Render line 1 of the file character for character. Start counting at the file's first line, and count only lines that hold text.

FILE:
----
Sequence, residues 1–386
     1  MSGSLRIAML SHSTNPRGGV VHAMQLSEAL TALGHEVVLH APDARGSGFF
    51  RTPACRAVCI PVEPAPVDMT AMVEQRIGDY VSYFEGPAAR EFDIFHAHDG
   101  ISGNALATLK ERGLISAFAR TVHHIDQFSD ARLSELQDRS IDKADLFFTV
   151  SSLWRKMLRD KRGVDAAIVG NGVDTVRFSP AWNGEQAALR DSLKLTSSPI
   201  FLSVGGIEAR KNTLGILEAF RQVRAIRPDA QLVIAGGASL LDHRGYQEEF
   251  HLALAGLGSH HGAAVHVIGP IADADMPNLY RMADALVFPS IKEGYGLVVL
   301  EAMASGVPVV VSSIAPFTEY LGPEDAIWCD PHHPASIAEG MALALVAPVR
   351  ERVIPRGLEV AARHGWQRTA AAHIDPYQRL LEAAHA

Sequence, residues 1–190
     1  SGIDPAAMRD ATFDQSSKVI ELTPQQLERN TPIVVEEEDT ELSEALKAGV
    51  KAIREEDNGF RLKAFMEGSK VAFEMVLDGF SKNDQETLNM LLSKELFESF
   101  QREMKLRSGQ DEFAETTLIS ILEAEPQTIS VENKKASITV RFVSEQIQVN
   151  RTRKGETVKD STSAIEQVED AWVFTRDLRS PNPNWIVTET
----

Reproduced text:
Sequence, residues 1–386